Every Kid Is A Person

Jennifer Byde Myers


I wasn’t asked to have a conference with Lucy’s teacher, Ms. June, but
Lucy asked me to make an appointment just the same. I sort of wanted to
check-in anyway given that my daughter is already a different kind of
person than I was at her age with her own way of learning things and her
own worries and passions.

She is enough like me that I see myself –my mannerisms, for example,
and I can hear my inflections in her voice, and yet she is enough
different that I do not always understand what makes her tick when I
tock. So I like to get other people’s perspective on her whenever I can.
We have lots of people who report about Jake to us, since he can’t tell
us his stories himself. There is even a journal that travels back and
forth to school each day for Jake, but my daughter with her 31 other
classmates… it would be impossible for any teacher to write a note
about each child, each day.

I get anxious before I meet with teachers; education is different than
the business world where I am generally confident. I have a reverence
for teachers, and admiration for their service. And they do something
I’m not sure I could do each day. Teachers, especially those that have
been around for awhile,  really know kids, so any comment about my child
from a teacher is founded on having known hundreds and hundreds of
children, and those opinions carry more weight to me.

Of course the meeting went just fine. Lucy is on track and she is a good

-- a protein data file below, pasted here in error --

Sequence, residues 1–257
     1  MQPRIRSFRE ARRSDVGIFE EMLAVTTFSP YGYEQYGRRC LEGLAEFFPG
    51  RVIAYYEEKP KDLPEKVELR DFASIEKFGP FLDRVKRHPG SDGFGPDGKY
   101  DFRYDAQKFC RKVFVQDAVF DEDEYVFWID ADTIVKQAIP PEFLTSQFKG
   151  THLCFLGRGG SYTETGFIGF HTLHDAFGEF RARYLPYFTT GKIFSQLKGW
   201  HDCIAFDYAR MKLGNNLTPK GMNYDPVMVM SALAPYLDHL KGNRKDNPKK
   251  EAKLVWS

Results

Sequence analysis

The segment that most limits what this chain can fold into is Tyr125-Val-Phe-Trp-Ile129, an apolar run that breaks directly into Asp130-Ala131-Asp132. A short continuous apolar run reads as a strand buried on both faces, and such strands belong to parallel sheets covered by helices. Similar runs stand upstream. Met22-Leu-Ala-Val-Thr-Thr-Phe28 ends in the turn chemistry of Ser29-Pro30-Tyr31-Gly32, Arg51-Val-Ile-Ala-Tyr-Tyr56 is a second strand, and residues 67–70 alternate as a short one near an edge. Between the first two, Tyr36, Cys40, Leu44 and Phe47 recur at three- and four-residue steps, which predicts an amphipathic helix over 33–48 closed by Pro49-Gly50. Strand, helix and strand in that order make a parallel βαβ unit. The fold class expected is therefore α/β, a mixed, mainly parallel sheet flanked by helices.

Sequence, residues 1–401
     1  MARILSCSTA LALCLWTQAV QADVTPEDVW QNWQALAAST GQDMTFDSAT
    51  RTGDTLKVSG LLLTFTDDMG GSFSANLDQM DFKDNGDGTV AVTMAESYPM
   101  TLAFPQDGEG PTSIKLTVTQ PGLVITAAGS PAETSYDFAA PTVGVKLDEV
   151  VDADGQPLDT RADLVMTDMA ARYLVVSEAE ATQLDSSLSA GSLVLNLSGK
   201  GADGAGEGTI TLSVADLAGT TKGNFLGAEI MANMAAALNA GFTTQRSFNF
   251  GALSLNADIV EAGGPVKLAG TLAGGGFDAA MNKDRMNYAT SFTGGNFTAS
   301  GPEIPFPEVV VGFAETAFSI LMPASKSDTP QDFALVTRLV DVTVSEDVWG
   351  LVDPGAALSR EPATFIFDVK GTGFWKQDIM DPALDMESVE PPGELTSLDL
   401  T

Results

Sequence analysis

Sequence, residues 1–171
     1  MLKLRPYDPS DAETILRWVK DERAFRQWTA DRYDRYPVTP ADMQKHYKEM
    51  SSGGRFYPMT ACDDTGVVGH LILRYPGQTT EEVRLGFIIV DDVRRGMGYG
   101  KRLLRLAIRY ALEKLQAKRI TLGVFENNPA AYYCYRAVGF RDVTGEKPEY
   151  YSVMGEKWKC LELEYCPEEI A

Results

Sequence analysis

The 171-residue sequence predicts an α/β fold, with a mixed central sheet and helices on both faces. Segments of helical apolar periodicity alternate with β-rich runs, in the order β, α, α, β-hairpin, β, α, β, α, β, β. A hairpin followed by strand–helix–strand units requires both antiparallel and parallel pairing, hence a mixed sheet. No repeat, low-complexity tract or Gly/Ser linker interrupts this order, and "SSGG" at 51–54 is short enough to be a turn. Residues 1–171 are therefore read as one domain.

kid and she has friends, and she keeps writing the number 4 backwards. I
saw a sampling of her work where I can see how much she has improved in
just the last month with her letters and her coloring. Her pictures
have great details and she seems to get the essence of the stories she
hears. She’s doing well. I was relieved, but I can’t help but think
there is more we should be doing.

Lucy’s teacher and I chatted a bit more, debating piano lessons versus
violin, tennis instead of soccer. Then about how being tall generally
gets you more responsibility at an earlier age, at least that’s what I
experienced. And when Ms. June mentioned that Lucy shows a nice maturity
she quickly told me about something that happened just today.

There is a ‘little person
at Lucy’s school, and apparently some children had teased this boy at
recess. When Ms. June took them back to the class (after having the
story related to her buy the yard duty aide) she sat the children down
to have a discussion about differences. They talked about how it would
feel to be made fun of for something that is just a part of you. They
talked about all kinds of differences there can be, and Ms. June said
that as soon as the conversation started Lucy raised her hand. I am
paraphrasing but I have now heard the story from both Ms. June and Lucy,
and they each related about the same thing.

With conviction, Lucy told her classmates:

My brother has autism, and he has a wheelchair. He’s different. But he
still likes to decide things and make choices. We offer him two choices
because he doesn’t communicate like we do, but he still wants to decide
things. Every kid is a person, so you should just say, “Hello.” and ask,
“How are you today?” because even if they don’t talk like you do, you
should still say hello.

There I was, worried about how far along she is in reading, and stressed
about the number four… and as it turns out, some of the hardest
things to teach, respect, accepting differences, presuming
competence..she’s understanding those things. She knows her non-verbal
brother has opinions and that he deserves to be heard. She knows that
“every kid is a person.”

And perhaps I am most pleased that she has it written on her heart to
stand and be heard. I’m grateful that she could face her peers and
unabashedly advocate for that young man, and she did it on her own
without prompting or practice. I am so proud of her.